Storm and Flood Water Storage: In the wake of Hurricane Irene, we may consider the flood-mitigating effects of wetlands to be their most important asset. During snow melt, rain storms, or hurricanes, wetlands can temporarily store excess water, keeping it from wl_flood3bflooding developed land or lessening the severity of a flood. After the storm, the wetlands slowly release the stored water, lessening the likelihood of downstream flooding.

Endangered and Rare Species: According to the Vermont Wetlands Program, up to 43% of the nation’s endangered and threatened species rely on wetlands in some way for survival. These species are dwindling, largely because of human development. Without fully understanding how these species interact with each other and what they contribute to the ecology of a place, we cannot understand what might be lost with their extinction.



Top: Map Turtle, Wikimedia Commons User Dger, CC license

Bottom: Wetland during/after a rain event, Vermont Wetlands Program

The Retreat Farm: Playing With Conceptual Design

When the Windham Foundation approached Stevens & Associates about coming up with concepts for redeveloping the Retreat Farm property out on Route 30, we knew if would be a fun project. At this stage of design, which you could call the “dream” stage, there are few limits to what you can explore. We keep budgets in mind, but we also encourage our clients to dream big. Sometimes, a design that seems impossibly expensive will come to fruition through creativity and innovation.

On to the details: for the Windham Foundation, we looked at repurposing existing farm buildings to create a retail and manufacturing cluster to add to Grafton Village Cheese’s existing facility. We looked at adding parking to the site and making it easier for pedestrians to enter and explore the site and access the Retreat Trails toward the back of the property.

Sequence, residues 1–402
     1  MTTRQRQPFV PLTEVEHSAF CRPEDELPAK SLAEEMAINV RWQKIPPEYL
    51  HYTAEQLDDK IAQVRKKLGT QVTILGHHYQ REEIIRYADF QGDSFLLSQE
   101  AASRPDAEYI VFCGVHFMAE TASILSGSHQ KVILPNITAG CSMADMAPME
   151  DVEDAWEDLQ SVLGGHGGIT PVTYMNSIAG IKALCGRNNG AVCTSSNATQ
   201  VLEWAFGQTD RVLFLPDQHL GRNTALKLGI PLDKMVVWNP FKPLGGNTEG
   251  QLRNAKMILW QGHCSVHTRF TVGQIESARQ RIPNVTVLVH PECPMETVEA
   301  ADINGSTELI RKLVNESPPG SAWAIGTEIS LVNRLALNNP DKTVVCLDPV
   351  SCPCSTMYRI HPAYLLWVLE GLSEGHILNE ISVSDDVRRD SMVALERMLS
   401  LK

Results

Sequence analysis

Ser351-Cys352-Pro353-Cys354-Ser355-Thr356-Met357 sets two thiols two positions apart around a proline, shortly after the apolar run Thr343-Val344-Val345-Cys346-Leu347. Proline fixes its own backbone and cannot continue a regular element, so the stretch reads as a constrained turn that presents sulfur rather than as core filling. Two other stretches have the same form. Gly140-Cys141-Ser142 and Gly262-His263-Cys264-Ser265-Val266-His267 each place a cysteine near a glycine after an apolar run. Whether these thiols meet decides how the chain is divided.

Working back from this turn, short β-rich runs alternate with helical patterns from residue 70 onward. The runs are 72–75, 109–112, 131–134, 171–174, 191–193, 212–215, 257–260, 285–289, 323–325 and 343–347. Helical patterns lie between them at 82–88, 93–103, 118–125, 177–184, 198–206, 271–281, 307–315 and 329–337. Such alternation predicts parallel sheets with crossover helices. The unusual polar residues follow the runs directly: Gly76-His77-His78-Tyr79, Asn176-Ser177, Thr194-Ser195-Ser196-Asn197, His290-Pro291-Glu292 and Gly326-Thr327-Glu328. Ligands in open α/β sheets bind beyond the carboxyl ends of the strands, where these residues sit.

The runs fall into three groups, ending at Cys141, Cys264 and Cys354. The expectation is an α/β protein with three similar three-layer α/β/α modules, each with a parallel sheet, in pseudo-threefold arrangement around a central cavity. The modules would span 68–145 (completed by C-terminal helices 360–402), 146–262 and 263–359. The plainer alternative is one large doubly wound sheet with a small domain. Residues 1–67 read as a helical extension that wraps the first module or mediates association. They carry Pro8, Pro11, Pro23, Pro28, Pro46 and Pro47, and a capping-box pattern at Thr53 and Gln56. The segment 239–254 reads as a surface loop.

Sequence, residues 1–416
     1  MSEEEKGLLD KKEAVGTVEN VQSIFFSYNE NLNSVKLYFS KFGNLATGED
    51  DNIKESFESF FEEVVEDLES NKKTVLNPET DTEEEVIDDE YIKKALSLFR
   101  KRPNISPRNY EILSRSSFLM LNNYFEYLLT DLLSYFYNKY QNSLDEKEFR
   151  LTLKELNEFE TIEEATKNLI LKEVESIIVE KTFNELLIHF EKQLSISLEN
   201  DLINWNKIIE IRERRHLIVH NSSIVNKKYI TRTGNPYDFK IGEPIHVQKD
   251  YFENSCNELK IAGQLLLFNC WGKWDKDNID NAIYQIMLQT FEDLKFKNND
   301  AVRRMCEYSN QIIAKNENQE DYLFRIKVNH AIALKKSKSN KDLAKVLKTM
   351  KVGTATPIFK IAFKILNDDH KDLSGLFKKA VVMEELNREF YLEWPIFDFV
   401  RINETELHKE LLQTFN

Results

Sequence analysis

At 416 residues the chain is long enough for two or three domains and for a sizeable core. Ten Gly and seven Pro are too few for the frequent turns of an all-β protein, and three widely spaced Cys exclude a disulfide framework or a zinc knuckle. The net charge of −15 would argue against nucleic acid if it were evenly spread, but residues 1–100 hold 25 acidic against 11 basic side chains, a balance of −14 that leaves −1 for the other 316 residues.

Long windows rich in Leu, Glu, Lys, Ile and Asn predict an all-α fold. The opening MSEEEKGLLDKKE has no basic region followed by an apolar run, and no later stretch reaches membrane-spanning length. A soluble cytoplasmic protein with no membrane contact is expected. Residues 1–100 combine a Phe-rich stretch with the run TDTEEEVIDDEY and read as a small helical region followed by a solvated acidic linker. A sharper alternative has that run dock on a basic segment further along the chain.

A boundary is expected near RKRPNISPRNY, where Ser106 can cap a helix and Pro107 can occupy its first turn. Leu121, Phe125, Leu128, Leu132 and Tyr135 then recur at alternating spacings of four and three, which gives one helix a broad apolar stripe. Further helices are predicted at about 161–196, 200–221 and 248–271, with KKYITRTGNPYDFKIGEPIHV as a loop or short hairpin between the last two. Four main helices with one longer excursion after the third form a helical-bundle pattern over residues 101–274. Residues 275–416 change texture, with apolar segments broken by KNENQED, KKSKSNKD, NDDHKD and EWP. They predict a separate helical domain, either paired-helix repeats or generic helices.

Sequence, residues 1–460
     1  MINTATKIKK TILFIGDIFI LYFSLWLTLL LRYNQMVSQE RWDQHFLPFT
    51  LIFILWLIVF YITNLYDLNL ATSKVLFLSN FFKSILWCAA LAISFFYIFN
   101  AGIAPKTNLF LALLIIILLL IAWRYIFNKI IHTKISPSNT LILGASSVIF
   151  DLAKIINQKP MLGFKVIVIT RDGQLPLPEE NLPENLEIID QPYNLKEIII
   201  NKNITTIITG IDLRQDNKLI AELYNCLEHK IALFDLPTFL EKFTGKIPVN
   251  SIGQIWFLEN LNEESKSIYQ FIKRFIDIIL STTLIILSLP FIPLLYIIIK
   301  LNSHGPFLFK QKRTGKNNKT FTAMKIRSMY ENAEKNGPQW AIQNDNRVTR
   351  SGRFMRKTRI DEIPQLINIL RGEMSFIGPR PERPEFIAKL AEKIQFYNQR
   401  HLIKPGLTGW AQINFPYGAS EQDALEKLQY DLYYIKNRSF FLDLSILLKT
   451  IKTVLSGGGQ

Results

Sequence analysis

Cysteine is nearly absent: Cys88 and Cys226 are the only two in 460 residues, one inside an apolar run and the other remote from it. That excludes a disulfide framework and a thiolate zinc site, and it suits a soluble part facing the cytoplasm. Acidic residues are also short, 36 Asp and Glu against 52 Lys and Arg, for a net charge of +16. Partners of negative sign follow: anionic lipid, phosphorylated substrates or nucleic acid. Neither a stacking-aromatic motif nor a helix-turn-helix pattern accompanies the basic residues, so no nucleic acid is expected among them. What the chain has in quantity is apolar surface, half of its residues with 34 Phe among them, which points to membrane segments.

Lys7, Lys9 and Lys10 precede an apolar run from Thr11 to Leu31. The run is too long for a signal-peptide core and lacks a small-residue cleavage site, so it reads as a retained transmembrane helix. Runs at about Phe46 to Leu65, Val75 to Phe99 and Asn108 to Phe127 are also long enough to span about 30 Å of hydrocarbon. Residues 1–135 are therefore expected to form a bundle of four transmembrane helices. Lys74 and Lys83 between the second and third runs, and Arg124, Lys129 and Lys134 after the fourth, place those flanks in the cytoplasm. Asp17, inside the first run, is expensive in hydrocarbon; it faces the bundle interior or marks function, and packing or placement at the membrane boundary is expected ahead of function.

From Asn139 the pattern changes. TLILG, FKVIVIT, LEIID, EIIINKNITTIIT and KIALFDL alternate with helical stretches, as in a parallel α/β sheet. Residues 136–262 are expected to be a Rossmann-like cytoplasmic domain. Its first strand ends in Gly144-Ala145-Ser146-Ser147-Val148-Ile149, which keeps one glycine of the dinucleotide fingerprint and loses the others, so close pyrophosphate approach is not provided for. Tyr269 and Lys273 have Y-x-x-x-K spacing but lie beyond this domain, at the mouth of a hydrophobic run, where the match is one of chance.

Most exciting for us is the possibility of turning Route 30 into a boulevard, with a bike and walking path separated from the road by a planted strip. A planted strip would also separate the traffic lanes. Both of these things lead to better pedestrian and cyclist safety, since they visually cue drivers to slow down and watch for traffic. Such a boulevard could become a grand entrance to Brattleboro from Route 30.

It’s important to note that this is just a first pass at a conceptual design, and there is a lot of hard work before any of it would become reality. Further study will tell us where the wetlands are on the property and what effect development would have on them. It will also tell us if there are archaeological resources that need to be protected, and how best to control stormwater. We will look more closely at the buildings and what it would take to renovate them and adapt them to new uses. And then we will look at how much all of these ideas will cost.




Pedestrian Safety is Good for Business

Smart Growth American and the National Complete Streets Coalition have issued a report, entitled “Dangerous By Design 2014,” looking at the causes and frequency of pedestrian deaths and injuries on the nation’s roadways. It’s worth a look, especially in light of recent pedestrian accidents in the Brattleboro area.